Lake Como has a reputation of beauty and it didn’t disappoint. One can understand why it is such a tourist honeypot. Fortunately, this time of year was not considered high season and it didn’t seem over crowded at all.

Abi and Guy had a paddleboard with them, packed away in the ‘garage’ of their motorhome. Once inflated, it meant we could all enjoy the sensation of precariously balancing on a floating platform whilst paddling on the lake. Abi and Guy had both acquired the skills so were quite proficient at stand up paddling, but I never got above paddling whilst kneeling. Molly, after a few practices learnt how to stand whilst paddling without falling off!

Patriotic bales of forage near our campsite

We had a lovely two days at Dongo, before  moving on to another lake  not far away, that had been recommended to us by friends of Liz (from Rezzo) whom we stayed with a few weeks before.

Lago d’Orta is smaller than Como, and is much less well known, although arguably more attractive. We stayed at Petanasco, a small village approximately half way along the lake to spend a couple more enjoyable days exploring the area.

Orta, nearby, is a beautiful old town, situated on an isthmus jutting, thumblike into the lake. It is also the major terminus for the various ferryboat routes that serve the towns and villages up and down the lake. We spent a happy day exploring its old narrow streets and walking up to the top of the hill that lay behind and above the town.

We also managed to take advantage of the ferryboat that serves Orta, as well as calling in to Isiola San Giulio a tiny island that boasts a nunnery, a school a few homes and a small souvenir shop all linked by a single street that circles the island.

After three relaxing days at Lago d’Orta it was time to head off northwards and make our way in the motorhome northwards through Switzerland and to France.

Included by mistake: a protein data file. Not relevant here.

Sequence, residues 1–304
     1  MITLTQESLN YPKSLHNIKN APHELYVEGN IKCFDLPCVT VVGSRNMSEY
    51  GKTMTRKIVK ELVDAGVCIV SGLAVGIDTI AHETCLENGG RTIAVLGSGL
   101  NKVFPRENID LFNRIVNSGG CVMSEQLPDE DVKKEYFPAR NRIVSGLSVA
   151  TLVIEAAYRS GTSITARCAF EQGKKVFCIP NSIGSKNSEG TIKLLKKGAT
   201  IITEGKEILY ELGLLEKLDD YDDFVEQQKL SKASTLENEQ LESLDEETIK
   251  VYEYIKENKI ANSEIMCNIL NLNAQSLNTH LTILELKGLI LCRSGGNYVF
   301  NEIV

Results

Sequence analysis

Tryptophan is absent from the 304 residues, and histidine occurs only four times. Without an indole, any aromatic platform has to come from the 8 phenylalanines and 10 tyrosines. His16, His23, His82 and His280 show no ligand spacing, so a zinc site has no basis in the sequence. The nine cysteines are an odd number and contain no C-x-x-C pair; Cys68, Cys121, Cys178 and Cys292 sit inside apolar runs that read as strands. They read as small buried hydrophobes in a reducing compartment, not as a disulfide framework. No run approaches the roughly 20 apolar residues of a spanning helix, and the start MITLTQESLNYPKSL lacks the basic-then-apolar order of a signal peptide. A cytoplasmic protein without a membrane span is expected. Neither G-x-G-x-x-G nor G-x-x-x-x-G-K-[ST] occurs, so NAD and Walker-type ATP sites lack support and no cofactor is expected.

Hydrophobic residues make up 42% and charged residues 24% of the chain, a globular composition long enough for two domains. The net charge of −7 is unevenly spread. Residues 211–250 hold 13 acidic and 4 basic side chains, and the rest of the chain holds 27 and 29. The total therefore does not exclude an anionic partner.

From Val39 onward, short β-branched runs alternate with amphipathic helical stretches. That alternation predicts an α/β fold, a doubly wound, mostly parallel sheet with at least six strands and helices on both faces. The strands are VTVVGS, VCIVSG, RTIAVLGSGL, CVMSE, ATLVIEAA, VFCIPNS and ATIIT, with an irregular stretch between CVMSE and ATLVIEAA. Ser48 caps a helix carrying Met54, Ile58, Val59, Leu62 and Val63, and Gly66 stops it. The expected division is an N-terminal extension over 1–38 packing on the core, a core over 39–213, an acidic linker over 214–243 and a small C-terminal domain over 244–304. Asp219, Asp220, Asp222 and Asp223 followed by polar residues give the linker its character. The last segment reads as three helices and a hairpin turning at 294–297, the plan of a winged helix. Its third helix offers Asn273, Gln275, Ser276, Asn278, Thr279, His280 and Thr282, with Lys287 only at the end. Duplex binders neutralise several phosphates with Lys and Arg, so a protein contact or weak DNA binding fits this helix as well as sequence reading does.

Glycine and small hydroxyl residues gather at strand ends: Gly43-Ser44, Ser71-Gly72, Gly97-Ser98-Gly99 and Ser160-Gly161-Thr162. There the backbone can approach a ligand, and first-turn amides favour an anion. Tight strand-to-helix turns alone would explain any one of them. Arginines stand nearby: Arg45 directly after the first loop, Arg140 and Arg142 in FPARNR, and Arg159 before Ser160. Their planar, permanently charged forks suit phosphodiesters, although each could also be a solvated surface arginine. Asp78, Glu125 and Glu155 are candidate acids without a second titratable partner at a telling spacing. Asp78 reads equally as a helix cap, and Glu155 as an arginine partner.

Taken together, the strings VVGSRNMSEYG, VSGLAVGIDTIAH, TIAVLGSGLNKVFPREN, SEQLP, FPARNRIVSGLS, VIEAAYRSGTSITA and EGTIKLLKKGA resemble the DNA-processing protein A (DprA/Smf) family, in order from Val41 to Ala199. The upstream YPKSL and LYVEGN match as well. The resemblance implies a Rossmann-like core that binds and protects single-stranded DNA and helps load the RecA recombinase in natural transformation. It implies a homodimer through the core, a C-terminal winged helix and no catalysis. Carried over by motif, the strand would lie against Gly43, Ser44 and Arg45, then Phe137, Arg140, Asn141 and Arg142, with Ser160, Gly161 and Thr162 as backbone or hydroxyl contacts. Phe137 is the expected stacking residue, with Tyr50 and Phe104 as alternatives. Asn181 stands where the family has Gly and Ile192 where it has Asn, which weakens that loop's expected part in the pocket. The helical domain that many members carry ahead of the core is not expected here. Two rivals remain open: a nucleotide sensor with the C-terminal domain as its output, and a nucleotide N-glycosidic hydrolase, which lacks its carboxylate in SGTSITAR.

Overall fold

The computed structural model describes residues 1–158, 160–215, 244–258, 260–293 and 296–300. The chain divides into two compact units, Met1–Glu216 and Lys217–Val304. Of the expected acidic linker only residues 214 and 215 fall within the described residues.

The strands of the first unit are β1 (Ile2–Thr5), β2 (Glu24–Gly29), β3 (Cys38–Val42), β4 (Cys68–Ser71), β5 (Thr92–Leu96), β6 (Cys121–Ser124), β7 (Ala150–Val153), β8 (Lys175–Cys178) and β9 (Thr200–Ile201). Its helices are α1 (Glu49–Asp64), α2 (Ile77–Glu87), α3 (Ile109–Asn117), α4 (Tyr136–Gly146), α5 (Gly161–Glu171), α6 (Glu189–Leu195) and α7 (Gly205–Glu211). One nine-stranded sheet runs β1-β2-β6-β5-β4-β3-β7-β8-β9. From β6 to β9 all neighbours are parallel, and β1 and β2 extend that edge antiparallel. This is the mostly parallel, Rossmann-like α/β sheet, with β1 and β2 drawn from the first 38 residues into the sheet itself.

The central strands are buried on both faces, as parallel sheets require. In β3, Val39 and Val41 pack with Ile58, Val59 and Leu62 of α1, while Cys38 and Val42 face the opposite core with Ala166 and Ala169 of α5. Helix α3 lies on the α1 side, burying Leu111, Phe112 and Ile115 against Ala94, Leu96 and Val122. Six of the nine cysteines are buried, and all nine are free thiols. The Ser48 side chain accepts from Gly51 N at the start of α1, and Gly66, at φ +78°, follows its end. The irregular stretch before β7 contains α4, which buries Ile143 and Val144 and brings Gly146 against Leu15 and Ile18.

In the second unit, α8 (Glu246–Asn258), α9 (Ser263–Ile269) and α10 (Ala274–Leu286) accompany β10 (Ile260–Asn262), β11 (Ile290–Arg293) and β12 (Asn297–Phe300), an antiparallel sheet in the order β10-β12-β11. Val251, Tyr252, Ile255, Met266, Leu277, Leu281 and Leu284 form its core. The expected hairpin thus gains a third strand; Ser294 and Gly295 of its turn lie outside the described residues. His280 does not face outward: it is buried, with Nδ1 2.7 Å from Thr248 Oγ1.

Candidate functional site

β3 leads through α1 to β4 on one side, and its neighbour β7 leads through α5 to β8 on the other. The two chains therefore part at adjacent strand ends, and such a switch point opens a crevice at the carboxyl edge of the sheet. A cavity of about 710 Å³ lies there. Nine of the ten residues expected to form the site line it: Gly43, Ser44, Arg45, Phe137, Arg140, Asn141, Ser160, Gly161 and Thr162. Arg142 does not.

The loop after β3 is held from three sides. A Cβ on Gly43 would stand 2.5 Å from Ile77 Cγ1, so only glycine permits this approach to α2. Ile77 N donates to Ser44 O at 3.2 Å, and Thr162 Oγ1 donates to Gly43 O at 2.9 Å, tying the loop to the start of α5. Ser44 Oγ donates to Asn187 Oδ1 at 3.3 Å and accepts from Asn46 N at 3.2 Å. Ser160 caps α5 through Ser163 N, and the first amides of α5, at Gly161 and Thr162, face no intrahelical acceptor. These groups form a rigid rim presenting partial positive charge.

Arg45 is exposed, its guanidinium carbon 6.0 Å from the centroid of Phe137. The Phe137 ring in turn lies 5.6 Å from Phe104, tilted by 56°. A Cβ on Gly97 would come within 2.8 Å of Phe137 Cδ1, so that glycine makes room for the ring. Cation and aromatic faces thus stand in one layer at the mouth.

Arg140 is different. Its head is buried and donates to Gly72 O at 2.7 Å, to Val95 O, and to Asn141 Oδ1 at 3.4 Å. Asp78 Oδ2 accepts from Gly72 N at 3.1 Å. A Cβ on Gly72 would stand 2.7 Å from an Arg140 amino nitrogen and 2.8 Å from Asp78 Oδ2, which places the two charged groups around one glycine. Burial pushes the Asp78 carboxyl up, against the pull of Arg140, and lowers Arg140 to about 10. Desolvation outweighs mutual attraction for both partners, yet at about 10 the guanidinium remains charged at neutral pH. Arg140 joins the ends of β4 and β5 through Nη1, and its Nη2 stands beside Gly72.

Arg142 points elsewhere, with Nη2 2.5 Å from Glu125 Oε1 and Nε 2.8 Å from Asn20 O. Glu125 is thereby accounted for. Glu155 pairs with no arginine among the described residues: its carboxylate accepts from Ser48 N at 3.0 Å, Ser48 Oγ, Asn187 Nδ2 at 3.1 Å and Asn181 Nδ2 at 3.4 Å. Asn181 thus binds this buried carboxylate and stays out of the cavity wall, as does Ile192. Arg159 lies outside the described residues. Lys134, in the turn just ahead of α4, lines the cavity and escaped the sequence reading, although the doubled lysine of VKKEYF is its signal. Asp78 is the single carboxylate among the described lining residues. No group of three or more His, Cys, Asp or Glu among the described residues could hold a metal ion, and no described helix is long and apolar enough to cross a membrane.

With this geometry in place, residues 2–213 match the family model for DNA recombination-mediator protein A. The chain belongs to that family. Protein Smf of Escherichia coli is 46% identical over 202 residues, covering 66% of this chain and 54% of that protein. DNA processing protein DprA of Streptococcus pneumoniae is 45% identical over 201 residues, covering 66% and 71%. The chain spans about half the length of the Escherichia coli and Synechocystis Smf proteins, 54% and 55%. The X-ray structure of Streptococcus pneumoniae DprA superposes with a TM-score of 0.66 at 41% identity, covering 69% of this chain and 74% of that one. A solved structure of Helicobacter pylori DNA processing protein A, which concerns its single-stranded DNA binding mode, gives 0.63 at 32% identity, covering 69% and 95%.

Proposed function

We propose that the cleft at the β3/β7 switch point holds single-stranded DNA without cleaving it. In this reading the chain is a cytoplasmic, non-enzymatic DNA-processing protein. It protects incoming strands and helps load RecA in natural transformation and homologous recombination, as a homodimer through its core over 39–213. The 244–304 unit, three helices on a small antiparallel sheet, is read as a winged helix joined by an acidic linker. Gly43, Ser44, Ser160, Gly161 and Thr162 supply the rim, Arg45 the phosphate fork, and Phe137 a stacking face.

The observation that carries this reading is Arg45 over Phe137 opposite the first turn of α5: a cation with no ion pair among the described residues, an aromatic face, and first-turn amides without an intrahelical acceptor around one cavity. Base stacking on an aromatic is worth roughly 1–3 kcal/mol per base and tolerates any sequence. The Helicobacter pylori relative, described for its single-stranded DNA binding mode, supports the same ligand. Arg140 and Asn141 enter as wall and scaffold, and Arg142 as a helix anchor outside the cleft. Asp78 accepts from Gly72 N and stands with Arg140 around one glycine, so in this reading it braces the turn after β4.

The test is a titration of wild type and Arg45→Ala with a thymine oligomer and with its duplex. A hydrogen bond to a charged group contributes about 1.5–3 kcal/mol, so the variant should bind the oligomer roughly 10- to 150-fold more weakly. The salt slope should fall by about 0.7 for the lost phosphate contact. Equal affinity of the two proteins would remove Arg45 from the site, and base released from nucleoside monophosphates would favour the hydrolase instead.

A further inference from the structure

Days 36 and 37 – To Ancona, and then to Albania

It was a very early start to catch the 6.30am Regionale train from Albenga to Genova… it arrived bang on time which enabled us to catch the Intercity to Milano Centrale which then connected with the speedy ‘Freccerosso’ to Ancona, the ferry port for Durres in Albania and other destinations.

We thought we would walk the 3km to the port from the station, since we had arrived in plenty of time for check in for the ferry, rather than find a tabachi to buy local bus tickets.

We arrived at the ferry terminal ok….. but we found out that the check-in place was back 2km almost where we had come from! Fortunately we discovered that there was a free shuttle bus that ran every 15  mins between the check- in, the port terminal and the station! Frustratingly, there was nowhere on ticketing, or email confirmations that gave any indications as to the separation of check-in, passports and boarding.

Ferry ready and waiting to take us to Albania

Having checked in, passports duly checked and stamped to say we were leaving the EU we then boarded our  ferry to Durres, one of the port cities in Albania.

We had booked a cabin for the overnight journey to Durres, so that we would arrive rested to deal with a new country , new language and different ways of doing things.

Leaving Ancona

We sailed on time for a smooth crossing of the Adriatic Sea saying farewell to Ancona and temporarily to Italy.

On board, the majority of foot passengers were Albanian, who knew the score about occupying potential sleeping areas in the saloons with bags, airbeds…even a mattress! The other foot/cycle passengers were a mixture of nationalities, including Dutch, Swiss, British and German – there was apparently, another couple who had a tandem with them, although we never met them! All were puzzled by the fact we had cycle panniers with us, but no cycle!

Durres Port

At 8am the next morning, after a good sleep, we had our first sight of Albania, a sunny Durres Port.

Disembarcation was straightforward and soon we were outside the terminal to be greeted by a barrage of friendly, but insistent taxi drivers. “Where are you from?”, “where do you want to go”, “I can give you a good price”.

We were focussed, however on three main things to start with:

1) to purchase an Albanian data sim card for our stay to avoid steep roaming charges out of the EU so that we could continue to blog, use maps and send emails and messages

2) to get some Lek, the local currency, from a “Bancomat”

3) to find a market to buy our lunch.

Having achieved all 3 things we then found a convenient bar to have a coffee and fruit juice, to get the Sim card set up, and then decide where to spend the first night in Albania.

We decided to go to Berat, to the South of the country, since it had been recommended as one of the “must visits” of Albania, known for its unique Ottoman era houses, it’s imposing Ottoman  castle and its scenic setting.